Wisdom for Your Weekend is your regular installment of what we’ve been reading (and watching) around the web. Presented to you by Chris Pappalardo, with guidance from Pastor J.D., this is our attempt to reflect Proverbs 9:9: “Give instruction to a wise man, and he will be still wiser; teach a righteous man, and he will increase in learning.” While we do not always agree with everything these authors post, we share these resources because we find them challenging and enriching. As we often say around the Summit, when it comes to reading, “Eat the fish and spit out the bones.”

Articles of the Week

Conservatism After Christianity, Ross Douthat. For some decades now, conservative American politics has had a sort of strategic alliance with conservative Christianity. Of the benefits and drawbacks of such an alliance, much ink has been spilled. But recent trends within political conservatism seem to point towards a post-Christian version of the Republican Party. As Douthat points out, that’s bad news for both politics and Christianity.

The Gift of Becoming a Woman Who Reads, Sarah Clarkson. True for men as well as women, this reflection reveals one of the thousand benefits to the reading of fiction—hope in the midst of grief.

The Science of Decision Fatigue: Four Ways to Make Fewer, Better Choices, Erin Wildermuth. The research here is pretty unanimous: You’ve only got so much “decision-making juice” in your daily tank. The more you use that energy for mundane or unimportant decisions (Pants or shorts? Chicken or beef? “Jack Ryan” or “The Great British Baking Show”?), the less decision-making energy you’ll have for weightier decisions. But other than eating chicken at every meal, what can we do to lessen this “decision fatigue”?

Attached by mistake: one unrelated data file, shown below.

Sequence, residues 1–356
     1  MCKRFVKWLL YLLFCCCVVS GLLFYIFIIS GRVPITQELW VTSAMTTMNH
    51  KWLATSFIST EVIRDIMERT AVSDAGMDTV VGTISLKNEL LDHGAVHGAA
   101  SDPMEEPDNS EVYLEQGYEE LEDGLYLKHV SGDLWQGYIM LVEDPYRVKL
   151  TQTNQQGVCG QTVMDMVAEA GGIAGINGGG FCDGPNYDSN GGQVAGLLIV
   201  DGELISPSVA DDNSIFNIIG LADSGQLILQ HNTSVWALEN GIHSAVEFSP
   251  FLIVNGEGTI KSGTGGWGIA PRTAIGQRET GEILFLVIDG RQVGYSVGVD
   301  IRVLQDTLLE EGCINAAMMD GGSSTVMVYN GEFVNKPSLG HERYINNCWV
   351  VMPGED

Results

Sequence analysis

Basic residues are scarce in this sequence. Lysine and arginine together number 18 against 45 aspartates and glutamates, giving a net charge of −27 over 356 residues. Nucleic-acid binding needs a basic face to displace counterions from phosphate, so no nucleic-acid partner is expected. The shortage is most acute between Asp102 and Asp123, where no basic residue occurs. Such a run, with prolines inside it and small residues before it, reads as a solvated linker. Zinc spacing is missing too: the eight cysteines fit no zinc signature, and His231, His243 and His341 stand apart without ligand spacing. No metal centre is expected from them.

One Is the Loneliest Number: The History of a Western Problem, Fay Bound Alberti. The word loneliness isn’t terribly old because the experience of loneliness is a relatively modern phenomenon. People have always had the experience of solitude, of course, but there’s something about our current society that makes this solitude nearly unbearable—and that makes people feel alone even when they’re surrounded by people. To understand how we might fix this, a quick glance at how things used to be is in order.

Reflections On the Revolution, Deborah Savage. This is a haunting recounting of the history of the sexual revolution by one of the women who experienced it. When we, as a society, cast aside old and “puritanical” sexual restrictions, we thought we were pursuing freedom for men and women. In the end, this turn has been bad for both sexes, but particularly pernicious for women. One of my favorite lines (among the many excellent ones): “Are we really hoping that women will finally accept that isolation is the goal, that commitment is for fools, and that children are merely a burden or a commodity?”

On the Lighter Side

I Wished I Lived in J.D.’s World, COE22. You gotta hand it to ‘em. They knew their pro-1980s audience. This is one of the finer speaker introductions I’ve seen, and shows Pastor J.D. more honor than a litany of overt praise.